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I recently learned about the DI frameworks Guice and Ninject and wanted to use them in some of my new projects.

While I am familiar with general dependency injection concepts and know how to use those frameworks to construct object graphs, I struggle to apply IoC when it comes to dynamic application behavior.

Consider this example:

  • When the application starts, the main window will be shown.
  • When the user clicks the main panel, a context menu opens.
  • Depending on the user' selection, a new user control will be created and shown at the mouse position.
  • Should the user eventually decide to close the application, a confirmation box will be shown and - upon confirmation - the main window will be closed.

While it is easy to wire the main window's View to a Presenter/ViewModel and then bind that to the domain logic, I don't understand how to cleanly (in the sense of IoC) achieve the following tasks:

  • Dynamically instantiate a concrete UI control (e.g. IGreenBoxView, IRedImageView <-- JConcreteGreenBoxView, JConcreteRedImageView) without using any kind of service locator pattern (e.g. requesting from the IoC again)
    • Depending on that, create a new model, presenter and view instance
  • Similary, instanciate a new concrete dialog box, e.g. JOptionPane at runtime

I've seen some solutions using abstract factories but honestly didn't fully understand them. It seems that such a solution would lead to exposing some of the (view domain's, presenter domain's, ...) internal types to the construction root and, with that, to the whole world.

So - how do I do it right?

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1  
Answer here: stackoverflow.com/questions/1943576/… –  Mark Seemann Mar 9 '12 at 6:44
    
It gets clearer now. Thanks alot! –  sunside Mar 9 '12 at 13:56

2 Answers 2

up vote 4 down vote accepted

If you can reuse the controls then you can do constructor injection where you use them. Otherwise you have to inject a factory:

public interface IControlFactory 
{
     IGreenBoxView CreateGreenBoxView();
     IRedImageView CreateRedImageView();
}

and inject it where you need to create this controls.

The implementation goes to the container configuration. There you can inject the container to the implementation. Some containers provide to implement this factory automatically. e.g., in Ninject:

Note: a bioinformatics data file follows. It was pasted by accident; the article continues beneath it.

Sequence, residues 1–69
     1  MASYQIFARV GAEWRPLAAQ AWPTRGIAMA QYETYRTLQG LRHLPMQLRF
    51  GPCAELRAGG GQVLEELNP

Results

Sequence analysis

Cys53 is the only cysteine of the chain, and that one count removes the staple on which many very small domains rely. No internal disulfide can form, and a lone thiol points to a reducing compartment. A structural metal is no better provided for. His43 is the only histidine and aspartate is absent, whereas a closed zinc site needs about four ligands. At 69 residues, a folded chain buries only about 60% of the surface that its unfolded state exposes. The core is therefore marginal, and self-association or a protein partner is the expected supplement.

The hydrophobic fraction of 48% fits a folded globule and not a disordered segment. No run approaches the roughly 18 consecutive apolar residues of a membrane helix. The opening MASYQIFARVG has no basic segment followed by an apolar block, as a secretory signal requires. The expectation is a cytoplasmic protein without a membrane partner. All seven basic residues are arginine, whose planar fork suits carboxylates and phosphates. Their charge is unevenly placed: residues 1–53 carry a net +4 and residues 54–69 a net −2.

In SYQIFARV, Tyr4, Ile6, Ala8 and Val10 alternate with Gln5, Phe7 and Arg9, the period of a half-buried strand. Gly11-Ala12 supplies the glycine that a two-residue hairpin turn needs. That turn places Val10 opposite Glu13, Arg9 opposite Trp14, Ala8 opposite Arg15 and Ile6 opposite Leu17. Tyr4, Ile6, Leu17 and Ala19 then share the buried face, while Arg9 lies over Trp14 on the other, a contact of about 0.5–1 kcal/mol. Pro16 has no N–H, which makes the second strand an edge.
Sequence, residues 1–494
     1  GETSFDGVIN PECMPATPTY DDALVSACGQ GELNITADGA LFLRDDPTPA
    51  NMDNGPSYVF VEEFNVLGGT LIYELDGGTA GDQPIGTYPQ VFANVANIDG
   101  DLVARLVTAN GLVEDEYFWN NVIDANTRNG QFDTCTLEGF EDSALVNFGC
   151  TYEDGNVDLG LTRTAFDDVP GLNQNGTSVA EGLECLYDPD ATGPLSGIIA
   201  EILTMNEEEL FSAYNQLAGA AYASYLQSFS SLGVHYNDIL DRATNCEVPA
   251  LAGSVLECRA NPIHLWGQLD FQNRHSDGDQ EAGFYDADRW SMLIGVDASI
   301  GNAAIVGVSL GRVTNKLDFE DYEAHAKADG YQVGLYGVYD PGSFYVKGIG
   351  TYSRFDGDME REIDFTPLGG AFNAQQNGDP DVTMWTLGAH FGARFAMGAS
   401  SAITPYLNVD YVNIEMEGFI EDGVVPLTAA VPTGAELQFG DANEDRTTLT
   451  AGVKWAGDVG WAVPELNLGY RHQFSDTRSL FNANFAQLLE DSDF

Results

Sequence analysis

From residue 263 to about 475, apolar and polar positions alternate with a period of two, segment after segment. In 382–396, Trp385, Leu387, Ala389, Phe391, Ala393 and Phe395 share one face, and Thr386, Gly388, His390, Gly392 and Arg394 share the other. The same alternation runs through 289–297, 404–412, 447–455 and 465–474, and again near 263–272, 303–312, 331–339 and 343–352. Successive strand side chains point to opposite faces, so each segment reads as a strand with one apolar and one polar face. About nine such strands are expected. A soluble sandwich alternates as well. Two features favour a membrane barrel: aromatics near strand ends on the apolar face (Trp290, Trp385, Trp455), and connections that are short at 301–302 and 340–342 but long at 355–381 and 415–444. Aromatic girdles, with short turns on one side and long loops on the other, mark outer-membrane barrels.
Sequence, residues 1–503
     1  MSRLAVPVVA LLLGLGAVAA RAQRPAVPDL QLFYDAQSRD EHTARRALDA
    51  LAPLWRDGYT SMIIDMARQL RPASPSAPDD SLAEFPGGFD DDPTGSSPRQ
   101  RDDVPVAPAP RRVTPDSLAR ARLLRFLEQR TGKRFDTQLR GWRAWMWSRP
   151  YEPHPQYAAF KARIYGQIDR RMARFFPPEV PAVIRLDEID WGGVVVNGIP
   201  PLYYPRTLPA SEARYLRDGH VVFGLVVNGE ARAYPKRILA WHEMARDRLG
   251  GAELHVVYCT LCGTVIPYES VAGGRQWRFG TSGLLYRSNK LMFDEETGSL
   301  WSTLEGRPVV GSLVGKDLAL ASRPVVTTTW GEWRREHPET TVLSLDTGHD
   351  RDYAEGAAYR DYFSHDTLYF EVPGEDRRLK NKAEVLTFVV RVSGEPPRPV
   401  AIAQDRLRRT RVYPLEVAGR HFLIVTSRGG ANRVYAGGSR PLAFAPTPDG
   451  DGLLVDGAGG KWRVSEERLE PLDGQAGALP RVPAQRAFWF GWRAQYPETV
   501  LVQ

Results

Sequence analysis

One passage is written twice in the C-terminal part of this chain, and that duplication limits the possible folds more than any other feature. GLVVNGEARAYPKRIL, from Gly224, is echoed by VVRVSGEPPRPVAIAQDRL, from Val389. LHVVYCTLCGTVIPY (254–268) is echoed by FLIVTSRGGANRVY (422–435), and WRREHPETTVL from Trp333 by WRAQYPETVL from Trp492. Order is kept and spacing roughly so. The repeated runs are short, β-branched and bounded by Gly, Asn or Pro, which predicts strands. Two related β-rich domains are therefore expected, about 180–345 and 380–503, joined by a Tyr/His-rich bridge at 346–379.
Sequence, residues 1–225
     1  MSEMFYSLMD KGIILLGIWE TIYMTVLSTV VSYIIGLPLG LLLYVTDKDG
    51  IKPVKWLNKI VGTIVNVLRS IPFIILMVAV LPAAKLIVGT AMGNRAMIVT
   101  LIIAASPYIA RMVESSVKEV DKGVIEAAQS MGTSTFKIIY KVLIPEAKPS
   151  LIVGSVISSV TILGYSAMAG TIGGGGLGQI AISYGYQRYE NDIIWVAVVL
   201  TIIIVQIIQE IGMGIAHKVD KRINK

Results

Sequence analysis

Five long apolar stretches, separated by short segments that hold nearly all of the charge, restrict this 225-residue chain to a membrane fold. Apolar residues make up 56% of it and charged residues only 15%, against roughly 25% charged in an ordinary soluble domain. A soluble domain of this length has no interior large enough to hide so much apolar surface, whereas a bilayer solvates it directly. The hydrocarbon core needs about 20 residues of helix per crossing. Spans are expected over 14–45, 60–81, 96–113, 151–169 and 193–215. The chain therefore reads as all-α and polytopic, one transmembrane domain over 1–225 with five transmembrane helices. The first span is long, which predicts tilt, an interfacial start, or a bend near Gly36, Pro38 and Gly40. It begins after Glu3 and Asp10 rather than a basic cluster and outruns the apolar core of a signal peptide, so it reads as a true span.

Bind<IControlFactory>().ToFactory();

See https://github.com/ninject/ninject.extensions.factory/wiki

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D'oh. Of course. Thanks! –  sunside Mar 9 '12 at 13:56

For those looking to do similar things with Unity (instead of Ninject), I have created an extension that allows you to create factories without even having to declare the interfaces: UnityMappingFactory@GitHub

You just add the mappings right where you register the classes during the normal bootstrapping process...

//make sure to register the output...
container.RegisterType<IImageWidgetViewModel, ImageWidgetViewModel>();
container.RegisterType<ITextWidgetViewModel, TextWidgetViewModel>();

//define the mapping between different class hierarchies...
container.RegisterFactory<IWidget, IWidgetViewModel>()
.AddMap<IImageWidget, IImageWidgetViewModel>()
.AddMap<ITextWidget, ITextWidgetViewModel>();

Then you just declare the mapping factory interface in the constructor for CI and use its Create() method...

public ImageWidgetViewModel(IImageWidget widget, IAnotherDependency d) { }

public TextWidgetViewModel(ITextWidget widget) { }

public ContainerViewModel(object data, IFactory<IWidget, IWidgetViewModel> factory)
{
    IList<IWidgetViewModel> children = new List<IWidgetViewModel>();
    foreach (IWidget w in data.Widgets)
        children.Add(factory.Create(w));
}

As an added bonus, any additional dependencies in the constructor of the mapped classes will also get resolved during object creation. (Also shared as an answer to this Stackoverflow post)

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